Baggio's late heroics help Italy regain World Cup prestige

July 06, 1994|By Robert Markus | Robert Markus,Chicago Tribune

FOXBORO, Mass. -- Italy climbed out of the heart of darkness here yesterday with a dramatic 2-1 victory over Nigeria in the first overtime match of World Cup '94.

Once the sun and the moon of world-class soccer, the Italians were on the verge of a shocking loss to the emerging African power until Roberto Baggio turned the world upside down with the tying goal less than two minutes from the end of regulation time.

It was Baggio, the glittering star whose light had all but flickered out as the Italian team struggled through the first round, who scored the winner on a penalty shot to restore Italy to its place among the pre-eminent world powers. They were Baggio's first goals of the tournament, and they sent Italy into a quarterfinal matchup here Saturday against Spain.

"The World Cup begins now," said a relieved Baggio, "not just for me but for Italy."

Although Italy had outplayed Nigeria throughout, even after falling behind 1-0 and playing a man short for the final 14 minutes of regular time and the 30-minute overtime, time appeared to be running out on the Azzurri.

"Victory was two minutes too far away," lamented Nigerian coach Clemens Westerhof. "Only two minutes to go and then we have beat the old champions -- Italy."

But those two minutes might as well have been a lifetime. Even before scoring the goal they thought had sent them on to the quarterfinals, the Super Eagles had played a tentative game and they showed no inclination to open up the attack after gaining the man advantage.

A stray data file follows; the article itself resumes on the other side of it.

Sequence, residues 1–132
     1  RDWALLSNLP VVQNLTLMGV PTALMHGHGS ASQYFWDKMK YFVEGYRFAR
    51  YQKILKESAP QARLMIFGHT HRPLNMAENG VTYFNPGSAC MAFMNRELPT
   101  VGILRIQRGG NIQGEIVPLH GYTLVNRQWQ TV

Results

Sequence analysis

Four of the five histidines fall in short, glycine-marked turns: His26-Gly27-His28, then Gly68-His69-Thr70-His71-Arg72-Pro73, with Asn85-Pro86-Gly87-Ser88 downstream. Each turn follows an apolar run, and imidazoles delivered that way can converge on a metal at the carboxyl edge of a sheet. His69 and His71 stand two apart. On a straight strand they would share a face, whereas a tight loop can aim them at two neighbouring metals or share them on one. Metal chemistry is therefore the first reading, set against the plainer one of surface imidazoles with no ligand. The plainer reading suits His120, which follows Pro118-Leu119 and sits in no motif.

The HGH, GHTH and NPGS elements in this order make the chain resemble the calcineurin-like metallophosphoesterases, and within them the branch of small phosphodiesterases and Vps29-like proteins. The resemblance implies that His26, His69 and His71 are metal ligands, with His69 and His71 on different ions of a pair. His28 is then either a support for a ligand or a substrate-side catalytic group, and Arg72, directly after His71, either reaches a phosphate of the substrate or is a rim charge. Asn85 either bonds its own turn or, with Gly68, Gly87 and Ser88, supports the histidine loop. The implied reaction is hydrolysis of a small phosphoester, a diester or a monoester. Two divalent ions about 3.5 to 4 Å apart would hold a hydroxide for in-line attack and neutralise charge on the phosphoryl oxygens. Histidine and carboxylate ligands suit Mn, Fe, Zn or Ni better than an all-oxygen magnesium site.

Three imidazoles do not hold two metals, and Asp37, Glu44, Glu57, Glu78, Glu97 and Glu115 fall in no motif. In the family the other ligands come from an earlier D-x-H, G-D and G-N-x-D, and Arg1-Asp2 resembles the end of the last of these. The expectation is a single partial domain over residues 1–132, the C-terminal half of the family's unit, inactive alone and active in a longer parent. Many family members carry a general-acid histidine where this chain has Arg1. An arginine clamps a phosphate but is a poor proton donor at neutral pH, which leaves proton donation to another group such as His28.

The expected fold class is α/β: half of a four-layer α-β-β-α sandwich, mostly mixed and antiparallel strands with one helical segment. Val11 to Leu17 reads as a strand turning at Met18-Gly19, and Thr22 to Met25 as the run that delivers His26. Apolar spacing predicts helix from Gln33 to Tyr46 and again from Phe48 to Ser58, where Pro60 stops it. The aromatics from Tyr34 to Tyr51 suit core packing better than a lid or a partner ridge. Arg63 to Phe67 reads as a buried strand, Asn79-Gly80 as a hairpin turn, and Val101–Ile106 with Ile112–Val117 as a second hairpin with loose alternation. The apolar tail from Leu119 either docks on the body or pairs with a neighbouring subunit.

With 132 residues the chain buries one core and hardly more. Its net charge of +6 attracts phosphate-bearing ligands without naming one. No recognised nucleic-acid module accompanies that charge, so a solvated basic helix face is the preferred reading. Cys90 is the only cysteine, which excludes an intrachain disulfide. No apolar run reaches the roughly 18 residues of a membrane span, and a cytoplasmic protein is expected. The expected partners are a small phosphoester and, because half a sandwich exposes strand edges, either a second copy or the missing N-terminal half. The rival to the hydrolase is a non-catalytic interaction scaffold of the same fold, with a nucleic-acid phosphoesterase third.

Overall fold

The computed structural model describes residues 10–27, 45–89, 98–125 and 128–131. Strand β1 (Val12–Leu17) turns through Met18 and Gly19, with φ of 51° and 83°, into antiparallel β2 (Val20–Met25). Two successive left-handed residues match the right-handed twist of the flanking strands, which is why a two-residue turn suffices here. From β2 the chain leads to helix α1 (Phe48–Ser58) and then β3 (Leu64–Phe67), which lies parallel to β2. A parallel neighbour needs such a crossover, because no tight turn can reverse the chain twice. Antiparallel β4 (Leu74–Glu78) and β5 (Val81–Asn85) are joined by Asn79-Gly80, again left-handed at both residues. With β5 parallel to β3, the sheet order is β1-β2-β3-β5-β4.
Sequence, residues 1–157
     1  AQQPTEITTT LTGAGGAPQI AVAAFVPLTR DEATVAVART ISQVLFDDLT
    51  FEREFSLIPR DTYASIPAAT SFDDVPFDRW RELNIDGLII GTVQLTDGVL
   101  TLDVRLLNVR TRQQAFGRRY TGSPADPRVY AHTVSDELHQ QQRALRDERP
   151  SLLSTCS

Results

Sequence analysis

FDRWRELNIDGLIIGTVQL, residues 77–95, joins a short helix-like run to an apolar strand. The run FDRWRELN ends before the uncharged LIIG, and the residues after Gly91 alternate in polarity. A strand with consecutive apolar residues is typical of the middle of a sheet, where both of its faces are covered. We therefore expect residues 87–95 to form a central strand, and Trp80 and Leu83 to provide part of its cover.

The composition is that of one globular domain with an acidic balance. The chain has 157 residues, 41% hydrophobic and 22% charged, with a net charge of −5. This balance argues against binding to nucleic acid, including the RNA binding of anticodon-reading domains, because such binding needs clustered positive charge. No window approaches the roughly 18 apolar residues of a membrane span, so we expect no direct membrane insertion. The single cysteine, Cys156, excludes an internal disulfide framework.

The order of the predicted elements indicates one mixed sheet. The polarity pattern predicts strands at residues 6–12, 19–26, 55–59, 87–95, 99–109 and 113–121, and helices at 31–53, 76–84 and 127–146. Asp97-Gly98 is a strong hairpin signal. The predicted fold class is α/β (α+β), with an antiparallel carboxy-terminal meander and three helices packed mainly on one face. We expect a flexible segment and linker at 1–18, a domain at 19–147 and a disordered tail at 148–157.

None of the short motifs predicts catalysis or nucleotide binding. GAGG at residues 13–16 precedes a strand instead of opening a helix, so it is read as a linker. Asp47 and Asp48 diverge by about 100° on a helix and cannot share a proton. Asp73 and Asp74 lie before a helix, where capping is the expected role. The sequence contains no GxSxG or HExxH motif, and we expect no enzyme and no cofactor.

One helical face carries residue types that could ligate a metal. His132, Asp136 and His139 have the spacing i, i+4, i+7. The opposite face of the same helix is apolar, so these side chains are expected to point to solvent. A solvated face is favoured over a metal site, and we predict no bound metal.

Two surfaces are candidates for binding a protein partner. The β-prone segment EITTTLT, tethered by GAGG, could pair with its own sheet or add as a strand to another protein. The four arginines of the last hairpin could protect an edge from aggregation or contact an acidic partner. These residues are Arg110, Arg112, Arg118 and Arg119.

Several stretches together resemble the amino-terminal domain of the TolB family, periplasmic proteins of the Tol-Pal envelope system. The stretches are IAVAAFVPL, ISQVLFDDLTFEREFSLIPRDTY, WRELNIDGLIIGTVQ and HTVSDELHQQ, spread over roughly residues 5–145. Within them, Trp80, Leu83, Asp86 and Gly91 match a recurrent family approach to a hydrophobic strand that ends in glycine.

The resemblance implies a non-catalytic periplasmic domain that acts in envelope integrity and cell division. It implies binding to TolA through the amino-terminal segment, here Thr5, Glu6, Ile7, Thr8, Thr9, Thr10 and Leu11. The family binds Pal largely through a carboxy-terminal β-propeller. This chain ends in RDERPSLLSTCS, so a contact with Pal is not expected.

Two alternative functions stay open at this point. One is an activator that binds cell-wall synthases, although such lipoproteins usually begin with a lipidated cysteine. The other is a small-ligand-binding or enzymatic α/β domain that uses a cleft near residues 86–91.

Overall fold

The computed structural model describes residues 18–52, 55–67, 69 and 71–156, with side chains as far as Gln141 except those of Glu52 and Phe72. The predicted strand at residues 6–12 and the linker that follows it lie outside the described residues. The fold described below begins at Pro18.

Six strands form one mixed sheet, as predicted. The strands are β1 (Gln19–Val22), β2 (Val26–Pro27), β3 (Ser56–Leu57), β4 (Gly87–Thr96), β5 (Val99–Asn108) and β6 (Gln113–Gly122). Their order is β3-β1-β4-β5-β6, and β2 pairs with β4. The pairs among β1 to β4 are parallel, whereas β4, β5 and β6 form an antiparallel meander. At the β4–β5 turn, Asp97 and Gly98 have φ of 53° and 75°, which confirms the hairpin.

The goal came on their only real opportunity in regulation time off a corner kick by Finidi George. The ball landed between two Italian defenders, struck Paolo Maldini on the knee and bounced in front of the goal, where Emmanuel Amunike knocked it home.

Instead of energizing the Nigerians it seemed to draw them deeper into a shell.

"You don't rejoice until the referee blows the final whistle," said George. "We were holding the ball playing tap, tap, tap. We lost our concentration."

And with it the game. On a desperate Italian counterattack, Baggio, lurking in the middle, took a pass from Roberto Mussi and blasted it past a diving Peter Rufai just inside the left post.

The crowd of 54,367 in Foxboro stadium, almost all of them, it seemed, supporters of Italy, erupted in ecstasy. Earlier they had turned surly and heaved objects toward the field after referee Arturo Brizio Carter ejected Gianfranco Zola in the 76th minute.

The demonstration might have influenced Brizio's decision to give only a yellow card when Maldini dragged down Nigeria's Rashidi Yekini from behind just moments later as the Nigerian was streaking toward the goal.

Nigeria was obviously dispirited after the tying goal, but in the fourth minute of overtime Yekini shook free and had goalie Luca Marchegiani almost helpless. But Marchegiani charged out of the goal and made a diving deflection.

In the 12th minute, Dino Baggio, who came on as a halftime replacement, sent a long pass to the left side to Roberto Baggio, who chipped it right in front of the net, where Nigeria's Augustine Eguavoen fouled Antonio Benarrivo to set up the penalty kick.

Baggio drove the ball into the upper-left-hand corner of the net. Trailing for the first time, the Nigerians came right down and nearly tied it. After taking the ball away from Luigi Apolloni, Nigeria's Michael Emenalo sent it in front of the goal, where, with Marchegiani on the ground and a Nigerian bearing down to nudge the ball across, Dino Baggio made a desperate kick save.

That essentially was the game. By then the players on both sides were on legs made of Silly Putty. "We were all very tired," conceded Roberto Baggio.

"It was a heroic performance," said Italian coach Arrigo Sacchi. "I guess our destiny is to suffer."

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